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My version is along the same lines. I mash in one pot using a little over half the water. While the mash is sitting, I heat up the sparge water in a second pot. Once the mash is done, I lift the bag from the mash pot, squeeze out what I can of wort and then transfer the bag to the second pot. I stir the grains well to break them back up and allow for the sparge water to fully penetrate. After about 10 to 15 minutes, I remove the bag and squeeze as much of the "second runnings" out as possible. I then combine the contents of the pots for the boil.

Note: during the sparge step, I am also bringing the temperature up on the 1st pot so that it is close to boiling when I combine the two.
Exactly what I do, and it seems to work a treat!

With no sparge I sit around 68 % efficiency, with the batch sparge as above I'm consistently around 75%
 

Weezy

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You're essentially describing a more traditional brewing process... you're just using a bag.
Think of the bag as your false bottom. A more efficient, stuck sparge proof, false bottom. It's just another tool in your brew process. Using a bag doesn't mean we have to use the traditional BIAB full volume mash method.
 

RM-MN

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Johnodon, I'm curious. Does your brew/mash kettle have a valve on it to allow you to drain from the bottom? If so, do you use a bazooka screen or false bottom or just let the bag be your filter bed? In traditional AG brewing I know that you vorlauf until the grain bed settles enough to act as a filter and give you clear runnings. Then you stop your vorlauf and collect the runnings. If you're doing BIAB do you get that kind of filter bed that gives you clear runnings with just the bag as your filter?
You won't get clear runnings with BIAB and you don't really need to with a conventional mash tun. Lautering is to keep the grain and grain husks out of the boil kettle. Your beer will clear up just fine without getting clear wort.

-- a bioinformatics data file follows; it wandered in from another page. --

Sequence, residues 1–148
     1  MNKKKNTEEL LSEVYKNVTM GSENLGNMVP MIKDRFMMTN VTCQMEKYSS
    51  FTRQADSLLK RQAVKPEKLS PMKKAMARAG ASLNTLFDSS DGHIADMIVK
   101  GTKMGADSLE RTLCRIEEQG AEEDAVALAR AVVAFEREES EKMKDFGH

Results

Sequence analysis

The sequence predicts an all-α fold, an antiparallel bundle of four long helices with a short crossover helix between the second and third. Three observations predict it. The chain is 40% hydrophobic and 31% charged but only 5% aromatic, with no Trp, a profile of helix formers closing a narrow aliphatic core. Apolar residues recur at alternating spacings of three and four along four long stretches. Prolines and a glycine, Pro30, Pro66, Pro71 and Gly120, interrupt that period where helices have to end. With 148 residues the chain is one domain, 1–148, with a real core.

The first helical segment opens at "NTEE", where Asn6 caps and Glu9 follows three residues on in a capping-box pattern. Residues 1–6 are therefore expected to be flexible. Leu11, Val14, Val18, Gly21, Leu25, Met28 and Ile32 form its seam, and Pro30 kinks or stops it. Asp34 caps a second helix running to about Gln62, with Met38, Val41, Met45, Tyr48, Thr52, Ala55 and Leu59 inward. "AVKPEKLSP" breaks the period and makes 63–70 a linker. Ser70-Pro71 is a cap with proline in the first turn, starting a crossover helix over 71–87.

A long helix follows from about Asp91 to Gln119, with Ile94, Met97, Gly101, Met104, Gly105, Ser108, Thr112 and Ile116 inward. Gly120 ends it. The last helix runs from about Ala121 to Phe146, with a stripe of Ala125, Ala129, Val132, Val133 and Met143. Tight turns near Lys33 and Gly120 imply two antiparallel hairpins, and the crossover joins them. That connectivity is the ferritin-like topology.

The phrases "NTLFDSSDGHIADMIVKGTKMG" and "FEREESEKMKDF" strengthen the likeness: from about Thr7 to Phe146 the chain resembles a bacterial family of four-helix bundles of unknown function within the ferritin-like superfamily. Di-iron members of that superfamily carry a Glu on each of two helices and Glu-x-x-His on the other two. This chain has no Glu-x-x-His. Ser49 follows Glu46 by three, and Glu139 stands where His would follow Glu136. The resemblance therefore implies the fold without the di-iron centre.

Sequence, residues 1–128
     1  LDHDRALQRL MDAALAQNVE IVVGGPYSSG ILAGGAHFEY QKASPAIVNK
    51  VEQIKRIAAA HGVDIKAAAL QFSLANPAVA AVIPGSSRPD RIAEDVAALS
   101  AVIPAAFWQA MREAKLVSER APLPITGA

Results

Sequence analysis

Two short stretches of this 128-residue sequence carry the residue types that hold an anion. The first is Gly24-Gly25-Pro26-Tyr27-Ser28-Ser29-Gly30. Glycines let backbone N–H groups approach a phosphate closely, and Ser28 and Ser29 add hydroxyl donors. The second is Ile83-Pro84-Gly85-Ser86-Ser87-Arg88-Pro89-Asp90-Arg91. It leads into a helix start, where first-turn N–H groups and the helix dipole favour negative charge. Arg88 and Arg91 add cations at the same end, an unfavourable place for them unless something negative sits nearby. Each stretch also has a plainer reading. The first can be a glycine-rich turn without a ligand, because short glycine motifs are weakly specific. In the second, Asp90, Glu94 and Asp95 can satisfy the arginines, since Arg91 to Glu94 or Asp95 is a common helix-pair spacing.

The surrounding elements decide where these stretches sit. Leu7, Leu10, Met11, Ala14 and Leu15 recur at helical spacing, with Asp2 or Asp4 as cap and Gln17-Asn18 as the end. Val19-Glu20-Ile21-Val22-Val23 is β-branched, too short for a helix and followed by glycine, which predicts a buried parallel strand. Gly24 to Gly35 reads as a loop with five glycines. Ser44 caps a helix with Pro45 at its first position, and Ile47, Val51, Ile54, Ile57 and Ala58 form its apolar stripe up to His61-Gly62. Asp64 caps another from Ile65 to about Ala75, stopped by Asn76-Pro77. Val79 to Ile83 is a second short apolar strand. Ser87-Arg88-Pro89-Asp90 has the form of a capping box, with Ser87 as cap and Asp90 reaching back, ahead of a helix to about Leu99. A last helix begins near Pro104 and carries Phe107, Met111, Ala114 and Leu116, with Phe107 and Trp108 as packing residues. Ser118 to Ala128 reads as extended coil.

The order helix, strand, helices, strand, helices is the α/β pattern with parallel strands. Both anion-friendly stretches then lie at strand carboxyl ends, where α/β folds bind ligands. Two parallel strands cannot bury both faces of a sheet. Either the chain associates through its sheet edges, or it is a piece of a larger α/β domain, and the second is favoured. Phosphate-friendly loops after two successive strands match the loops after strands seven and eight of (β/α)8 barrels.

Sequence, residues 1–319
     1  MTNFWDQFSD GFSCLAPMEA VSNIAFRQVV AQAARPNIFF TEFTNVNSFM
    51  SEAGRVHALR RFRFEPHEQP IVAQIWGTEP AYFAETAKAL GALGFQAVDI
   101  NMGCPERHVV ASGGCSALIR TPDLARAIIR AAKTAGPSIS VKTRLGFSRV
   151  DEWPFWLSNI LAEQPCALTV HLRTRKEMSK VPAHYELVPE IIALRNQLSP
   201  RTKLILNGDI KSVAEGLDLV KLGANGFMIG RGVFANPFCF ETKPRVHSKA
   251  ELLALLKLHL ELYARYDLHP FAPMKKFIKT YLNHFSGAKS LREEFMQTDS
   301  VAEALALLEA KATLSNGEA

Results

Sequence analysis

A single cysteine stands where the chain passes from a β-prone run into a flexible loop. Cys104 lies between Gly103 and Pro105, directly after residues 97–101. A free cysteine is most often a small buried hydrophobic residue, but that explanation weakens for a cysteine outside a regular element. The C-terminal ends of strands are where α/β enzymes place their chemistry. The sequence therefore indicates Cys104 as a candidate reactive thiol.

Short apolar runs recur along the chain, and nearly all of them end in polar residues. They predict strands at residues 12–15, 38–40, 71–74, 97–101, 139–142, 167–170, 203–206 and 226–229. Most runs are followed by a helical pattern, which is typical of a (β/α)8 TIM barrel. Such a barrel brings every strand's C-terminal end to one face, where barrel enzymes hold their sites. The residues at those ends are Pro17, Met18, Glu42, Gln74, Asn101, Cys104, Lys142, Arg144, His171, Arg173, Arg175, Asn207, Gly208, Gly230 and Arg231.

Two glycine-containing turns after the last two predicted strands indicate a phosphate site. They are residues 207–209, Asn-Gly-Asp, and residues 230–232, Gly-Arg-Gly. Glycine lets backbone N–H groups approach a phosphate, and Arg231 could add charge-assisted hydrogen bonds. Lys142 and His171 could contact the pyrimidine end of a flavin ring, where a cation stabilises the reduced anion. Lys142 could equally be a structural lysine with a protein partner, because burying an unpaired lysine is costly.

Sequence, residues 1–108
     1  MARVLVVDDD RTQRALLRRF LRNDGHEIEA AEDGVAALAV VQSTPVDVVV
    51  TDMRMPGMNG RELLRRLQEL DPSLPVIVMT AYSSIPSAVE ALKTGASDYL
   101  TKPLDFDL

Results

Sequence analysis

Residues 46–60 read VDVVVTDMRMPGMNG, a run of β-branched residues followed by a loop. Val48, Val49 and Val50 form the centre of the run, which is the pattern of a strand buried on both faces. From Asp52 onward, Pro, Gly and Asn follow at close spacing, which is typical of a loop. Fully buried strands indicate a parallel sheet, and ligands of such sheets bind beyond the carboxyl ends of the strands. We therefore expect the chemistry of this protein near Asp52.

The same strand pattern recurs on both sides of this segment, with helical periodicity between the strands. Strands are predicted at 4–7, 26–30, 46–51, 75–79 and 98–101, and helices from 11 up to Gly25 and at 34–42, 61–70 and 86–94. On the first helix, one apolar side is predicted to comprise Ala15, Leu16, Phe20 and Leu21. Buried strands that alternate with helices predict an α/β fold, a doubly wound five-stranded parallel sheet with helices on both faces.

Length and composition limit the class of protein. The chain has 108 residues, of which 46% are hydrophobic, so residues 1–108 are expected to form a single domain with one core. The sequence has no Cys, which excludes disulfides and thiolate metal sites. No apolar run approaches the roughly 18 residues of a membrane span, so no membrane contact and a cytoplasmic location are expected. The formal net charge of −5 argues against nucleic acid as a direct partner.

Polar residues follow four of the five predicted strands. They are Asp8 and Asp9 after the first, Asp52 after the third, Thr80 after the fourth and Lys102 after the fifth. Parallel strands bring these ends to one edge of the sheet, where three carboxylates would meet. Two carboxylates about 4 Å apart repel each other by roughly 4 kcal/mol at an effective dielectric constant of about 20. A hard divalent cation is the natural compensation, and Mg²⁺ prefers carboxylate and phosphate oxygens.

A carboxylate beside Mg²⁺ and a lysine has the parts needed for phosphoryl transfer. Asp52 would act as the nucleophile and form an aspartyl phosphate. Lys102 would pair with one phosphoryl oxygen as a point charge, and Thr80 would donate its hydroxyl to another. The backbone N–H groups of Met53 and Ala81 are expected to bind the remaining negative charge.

Calichusetts

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You're essentially describing a more traditional brewing process... you're just using a bag.
Think of the bag as your false bottom. A more efficiency, stuck sparge proof, false bottom. It's just another tool in your brew process. Using a bag doesn't mean we have to use the traditional BIAB full volume mash method.
This is me. The bag is my "false bottom." I vorlauf, drain. Add it to the kettle and start the boil while I do a sparge, vorlauf and then drain the second. I don't do a very crazy crush either. I only hit 70% but I literally hit it every time.
 

Oginme

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You're essentially describing a more traditional brewing process... you're just using a bag.
Think of the bag as your false bottom. A more efficient, stuck sparge proof, false bottom. It's just another tool in your brew process. Using a bag doesn't mean we have to use the traditional BIAB full volume mash method.
Yup! I'm more focused on process and repeatibility rather than fancy equipment. My process described above is very consistent in giving me 85% to 86% efficiency. When my process is that dialed in, I can repeat my brews with confidence that they will taste pretty much the same from one brew to the next.

While I may collect more fines and hulls in the boil kettle, I also produce about a liter and a half more than I transfer into the carboy, so most of that gets left behind in the brew kettle.